Enoch Cree Nation in Alberta reaches $91M settlement with Canada over land

It will take years to clean the lake and remove the live ammunition says chief


Nearly 80 years after lands belonging to the Enoch Cree Nation in Alberta were “illegally” leased by the Canadian military, a settlement has been reached.

During the Second World War, the federal government took two sections making up 485 hectares and turned them into a practice bombing range.

That includes Yekau Lake which was the community’s source of water.

The lake has never recovered and to this day unexploded bombs still exist, according to Chief Billy Morin.

In 2014, Enoch’s golf course was forced to close because of safety issues when live rounds were discovered.

Canada still denies live ammunition was used.

The nation has been in negotiations to get the land back since 2007 – and still maintains it was used illegally.

“The illegal part of it was for any lease of this kind, there was to be a community vote, and there was no

community vote,” said Morin.

“So that is the legal ramifications that we explored, resolving this claim. And from 1941 to 1945 there were approximately, at our best guess, estimated 100,000 rounds of ammunition, practice bombs dropped into our lake, into our two sections of land.”

Morin said the bombs destroyed the lake and that today, there are no fish and the water is unsafe to drink. The land is largely abandoned.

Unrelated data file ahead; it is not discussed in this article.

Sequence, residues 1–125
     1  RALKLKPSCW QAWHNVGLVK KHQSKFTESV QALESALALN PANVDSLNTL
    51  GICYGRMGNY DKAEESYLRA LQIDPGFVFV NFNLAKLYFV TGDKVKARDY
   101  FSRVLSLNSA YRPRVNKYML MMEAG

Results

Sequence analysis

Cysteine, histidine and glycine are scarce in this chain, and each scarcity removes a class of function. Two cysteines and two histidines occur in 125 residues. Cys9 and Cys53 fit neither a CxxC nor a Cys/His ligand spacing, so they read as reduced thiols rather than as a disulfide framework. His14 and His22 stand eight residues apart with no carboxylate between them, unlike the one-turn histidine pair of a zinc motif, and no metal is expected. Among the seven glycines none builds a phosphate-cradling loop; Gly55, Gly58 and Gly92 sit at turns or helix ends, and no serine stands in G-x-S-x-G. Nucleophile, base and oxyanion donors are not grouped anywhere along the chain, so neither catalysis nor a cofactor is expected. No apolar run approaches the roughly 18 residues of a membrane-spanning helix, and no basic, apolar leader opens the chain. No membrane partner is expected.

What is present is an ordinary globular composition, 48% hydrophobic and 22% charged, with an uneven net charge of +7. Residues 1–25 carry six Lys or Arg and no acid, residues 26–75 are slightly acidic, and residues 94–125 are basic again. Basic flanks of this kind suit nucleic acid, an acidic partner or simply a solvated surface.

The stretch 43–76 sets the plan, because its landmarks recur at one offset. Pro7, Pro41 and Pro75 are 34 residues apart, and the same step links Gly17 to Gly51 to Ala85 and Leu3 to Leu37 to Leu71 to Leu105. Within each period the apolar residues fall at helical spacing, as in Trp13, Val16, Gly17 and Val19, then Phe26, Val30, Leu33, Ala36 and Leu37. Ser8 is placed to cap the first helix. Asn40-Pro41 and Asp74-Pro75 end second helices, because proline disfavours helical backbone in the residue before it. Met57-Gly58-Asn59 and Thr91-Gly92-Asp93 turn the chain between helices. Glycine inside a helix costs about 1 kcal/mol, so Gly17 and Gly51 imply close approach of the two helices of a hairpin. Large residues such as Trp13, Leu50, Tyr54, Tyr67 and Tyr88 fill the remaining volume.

In early November, the federal government and the Enoch Cree Nation announced a $91 million settlement.

“Loss of use for our economic development purposes, notable the golf course on those 2 sections of land. Some of it will go into a per capita distribution to the Nation members themselves. Some of it will go into band program funding to upkeep some of our services when those 2 areas of land,” said Morin.

“But the primary thing the 91 million dollars was made up for is land reclamation.”

Morin said removing the bombs and cleaning the lake will take years.

“Growing up in Enoch we had a lot of people passing away who talked about wanting to see this claim done. And unfortunately, they are not here anymore. So the Elders who are still here, I’m just glad they are here to see the day the claim has been resolved. And they can take that closure and move forward in a good way.”

Video Journalist / Edmonton

Chris Stewart has been in the media for 20 years. He has worked at CBC, Global and CTV as a news camera operator and editor. Chris joined APTN in 2012 in the Saskatoon Bureau and moved to APTN Edmonton bureau in 2015 as a Videojournalist.